Archive for the ‘Willie Wilson’ Category


1979 Stolen Base Leaders

November 3, 2009

Stolen Base Leaders 1979

I wonder if Willie Wilson will pop some champagne during game six of the World Series tomorrow night when floundering Phillies slugger Ryan Howard inevitably flails at his next third strike like a drowsy man trying to kill a bumblebee with a sledgehammer. For twenty-nine years, Wilson has held the World Series record for strikeouts, with twelve, a record that Howard tied last night, in one fewer game than it took Wilson to amass his ignominious dozen. Howard’s record-tying failure came just moments after another World Series record was tied, the incredible, Pat-Riley-haired, oddly robotic Chase Utley matching Reggie Jackson’s exalted mark of five home runs in a single series. The adjacent placement of Utley and Howard in the Phillies batting order has to give a huge edge to Howard in the race to see which Phillie is able to set a World Series benchmark. It’s hard to imagine a scenario in which Chase Utley sees a pitch within several acres of the strike zone, what with the tall pile of swing-and-miss looming behind him in the batter’s box.

Of course, Howard is no slouch, and there’s always the possibility that he’ll snap out of it. I am hoping that he does, and not only because I’m rooting for the Phillies. I have always had a soft spot for guys who go into huge, sad-faced slumps in the World Series with everyone watching. Baseball is a game of slumps and streaks, and everyone goes through them, but in the heightened atmosphere of the World Series these slumps summon the sullen gravity of tragedy, forever defining the poor mortal who has lucklessly stumbled into them. The first time I remember having a sharpened awareness of one of these slumps was in 1980, with Willie Wilson, who kept feebly waving at pitches all the way up until the final out, when his feckless lunge at a Tug McGraw offering sparked the first World Series celebration in Phillies history.

Though in some ways Wilson will forever be frozen in that moment of futility, the truth is that he could never be frozen anywhere. The man is not known primarily for striking out but for his almost superhuman speed. Wilson, forever the fastest man in the baseball universe inside my skull, if not in the baseball universe itself, used that speed to keep running long after the 1980 series, playing for several more seasons, including a 1985 campaign that ended with Wilson performing well during the Royals seven-game victory over the Cardinals. He played for almost two decades in all, was a good hitter and a great fielder, and stole more bases than all but a few men in baseball history.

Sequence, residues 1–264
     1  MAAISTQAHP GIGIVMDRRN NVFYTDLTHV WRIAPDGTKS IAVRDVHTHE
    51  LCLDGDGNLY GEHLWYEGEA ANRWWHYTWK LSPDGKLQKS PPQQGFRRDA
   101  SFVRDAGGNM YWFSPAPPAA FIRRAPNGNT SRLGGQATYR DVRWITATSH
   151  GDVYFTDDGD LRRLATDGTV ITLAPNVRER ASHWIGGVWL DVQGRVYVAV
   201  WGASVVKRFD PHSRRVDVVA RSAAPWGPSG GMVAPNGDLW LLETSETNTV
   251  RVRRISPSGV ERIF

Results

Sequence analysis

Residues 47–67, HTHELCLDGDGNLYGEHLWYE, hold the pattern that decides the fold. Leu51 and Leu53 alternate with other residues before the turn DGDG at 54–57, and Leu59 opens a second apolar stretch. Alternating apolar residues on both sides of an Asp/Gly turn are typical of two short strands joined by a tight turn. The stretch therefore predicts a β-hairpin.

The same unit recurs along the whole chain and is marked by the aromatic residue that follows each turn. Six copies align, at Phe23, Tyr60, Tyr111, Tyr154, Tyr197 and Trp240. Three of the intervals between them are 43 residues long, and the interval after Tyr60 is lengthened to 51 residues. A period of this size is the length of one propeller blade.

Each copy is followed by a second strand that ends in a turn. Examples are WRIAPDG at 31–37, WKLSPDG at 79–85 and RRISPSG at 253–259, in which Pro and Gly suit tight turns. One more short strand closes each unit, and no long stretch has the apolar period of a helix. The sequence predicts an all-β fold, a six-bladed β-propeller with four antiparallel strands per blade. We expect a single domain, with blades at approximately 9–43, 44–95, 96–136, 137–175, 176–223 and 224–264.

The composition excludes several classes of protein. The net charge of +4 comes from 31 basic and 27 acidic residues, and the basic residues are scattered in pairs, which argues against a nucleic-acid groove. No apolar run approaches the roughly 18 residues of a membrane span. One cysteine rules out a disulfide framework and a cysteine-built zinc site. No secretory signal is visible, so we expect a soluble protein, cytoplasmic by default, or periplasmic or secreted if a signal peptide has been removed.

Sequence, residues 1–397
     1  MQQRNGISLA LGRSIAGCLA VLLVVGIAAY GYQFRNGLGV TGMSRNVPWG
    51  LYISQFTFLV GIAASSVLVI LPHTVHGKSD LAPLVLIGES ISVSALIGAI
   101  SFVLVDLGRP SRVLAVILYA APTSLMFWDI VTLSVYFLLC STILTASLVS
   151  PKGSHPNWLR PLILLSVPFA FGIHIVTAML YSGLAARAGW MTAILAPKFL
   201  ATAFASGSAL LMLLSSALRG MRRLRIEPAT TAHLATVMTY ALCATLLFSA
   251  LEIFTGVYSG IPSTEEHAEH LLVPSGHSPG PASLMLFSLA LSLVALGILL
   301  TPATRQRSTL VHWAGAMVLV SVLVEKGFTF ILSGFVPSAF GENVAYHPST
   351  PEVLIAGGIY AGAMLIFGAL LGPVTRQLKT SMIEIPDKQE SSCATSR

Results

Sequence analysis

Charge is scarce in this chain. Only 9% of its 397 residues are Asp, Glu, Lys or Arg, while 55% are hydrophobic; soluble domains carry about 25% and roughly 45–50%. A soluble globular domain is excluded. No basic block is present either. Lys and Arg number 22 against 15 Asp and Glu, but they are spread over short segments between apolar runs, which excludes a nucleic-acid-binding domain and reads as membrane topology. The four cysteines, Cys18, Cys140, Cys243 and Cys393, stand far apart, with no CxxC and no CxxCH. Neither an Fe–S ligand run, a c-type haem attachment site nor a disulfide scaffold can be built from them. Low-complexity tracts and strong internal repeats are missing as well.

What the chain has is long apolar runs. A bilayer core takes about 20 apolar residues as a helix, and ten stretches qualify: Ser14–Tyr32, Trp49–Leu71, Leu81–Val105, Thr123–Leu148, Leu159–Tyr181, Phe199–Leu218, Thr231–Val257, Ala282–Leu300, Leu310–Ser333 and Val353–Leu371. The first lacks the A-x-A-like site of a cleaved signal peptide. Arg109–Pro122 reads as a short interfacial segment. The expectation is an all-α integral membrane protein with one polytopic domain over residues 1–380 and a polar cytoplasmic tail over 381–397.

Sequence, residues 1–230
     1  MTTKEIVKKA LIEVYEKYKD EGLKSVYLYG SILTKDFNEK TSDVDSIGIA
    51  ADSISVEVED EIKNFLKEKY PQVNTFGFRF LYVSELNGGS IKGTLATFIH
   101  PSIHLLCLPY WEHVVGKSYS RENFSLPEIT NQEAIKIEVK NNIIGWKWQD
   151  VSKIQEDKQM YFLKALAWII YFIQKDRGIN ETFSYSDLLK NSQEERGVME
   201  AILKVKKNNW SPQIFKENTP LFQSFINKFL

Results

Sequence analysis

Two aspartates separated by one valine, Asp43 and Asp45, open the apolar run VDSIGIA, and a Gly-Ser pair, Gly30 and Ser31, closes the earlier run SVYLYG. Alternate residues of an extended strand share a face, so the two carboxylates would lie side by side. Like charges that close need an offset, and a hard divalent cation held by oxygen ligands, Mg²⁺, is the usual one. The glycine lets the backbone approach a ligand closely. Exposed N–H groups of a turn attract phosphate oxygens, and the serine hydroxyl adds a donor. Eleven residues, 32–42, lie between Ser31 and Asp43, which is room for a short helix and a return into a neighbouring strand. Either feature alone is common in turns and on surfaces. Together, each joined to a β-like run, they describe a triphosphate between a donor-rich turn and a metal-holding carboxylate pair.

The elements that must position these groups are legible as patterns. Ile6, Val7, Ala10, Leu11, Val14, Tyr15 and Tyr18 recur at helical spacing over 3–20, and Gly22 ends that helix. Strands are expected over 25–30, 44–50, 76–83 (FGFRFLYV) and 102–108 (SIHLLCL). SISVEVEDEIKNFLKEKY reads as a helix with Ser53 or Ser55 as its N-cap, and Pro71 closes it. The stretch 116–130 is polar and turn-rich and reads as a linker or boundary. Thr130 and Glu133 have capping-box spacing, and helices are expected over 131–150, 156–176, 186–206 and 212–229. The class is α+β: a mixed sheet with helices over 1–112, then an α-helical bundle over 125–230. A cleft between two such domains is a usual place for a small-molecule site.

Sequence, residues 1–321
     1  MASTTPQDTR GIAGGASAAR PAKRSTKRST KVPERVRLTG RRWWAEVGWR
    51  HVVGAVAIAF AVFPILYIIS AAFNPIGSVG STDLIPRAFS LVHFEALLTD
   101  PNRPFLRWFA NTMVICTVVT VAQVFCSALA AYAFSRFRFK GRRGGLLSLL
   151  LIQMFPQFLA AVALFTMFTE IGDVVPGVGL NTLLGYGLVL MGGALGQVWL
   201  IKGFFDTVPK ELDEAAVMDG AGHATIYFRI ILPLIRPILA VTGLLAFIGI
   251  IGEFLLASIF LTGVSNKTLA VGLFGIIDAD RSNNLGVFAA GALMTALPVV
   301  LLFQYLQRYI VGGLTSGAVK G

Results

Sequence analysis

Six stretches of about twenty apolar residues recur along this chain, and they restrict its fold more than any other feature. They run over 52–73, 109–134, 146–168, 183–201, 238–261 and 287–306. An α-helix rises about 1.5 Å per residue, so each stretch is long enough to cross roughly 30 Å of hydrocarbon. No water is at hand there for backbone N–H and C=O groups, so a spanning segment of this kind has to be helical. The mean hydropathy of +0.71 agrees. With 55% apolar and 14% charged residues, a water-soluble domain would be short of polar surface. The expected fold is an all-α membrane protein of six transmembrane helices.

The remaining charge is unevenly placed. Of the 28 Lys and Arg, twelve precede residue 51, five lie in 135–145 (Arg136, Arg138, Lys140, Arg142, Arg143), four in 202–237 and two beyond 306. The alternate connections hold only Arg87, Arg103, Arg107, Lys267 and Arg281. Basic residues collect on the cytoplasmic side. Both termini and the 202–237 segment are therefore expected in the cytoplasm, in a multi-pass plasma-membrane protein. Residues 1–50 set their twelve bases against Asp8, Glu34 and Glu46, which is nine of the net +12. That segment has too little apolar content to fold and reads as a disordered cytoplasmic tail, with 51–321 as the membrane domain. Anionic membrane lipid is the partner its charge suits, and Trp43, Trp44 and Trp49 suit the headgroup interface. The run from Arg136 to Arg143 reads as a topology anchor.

Also, you could argue that he was the greatest hitter of triples the world has ever seen.

First of all, he led the league in triples four times, more than anyone besides all-time triples king Sam Crawford, who also led the league four times. Also, the only player who ranks higher than Wilson on the career triples list who played as late as the 1970s was Roberto Clemente, and Clemente had 166 triples in 10212 plate appearances while Wilson had 147 triples in 8317 plate appearances. (If Wilson had kept up his rate of tripling and had gotten Clemente’s amount of plate appearances, he would have hit 180 triples.) Besides Clemente and the long-lasting line-drive smasher Stan Musial, all of the other players ahead of Wilson on the career triples list were done playing well before the color line was broken, and most of the massive triples-amassers did their damage in the years before the Ruthian era of the longball ensued.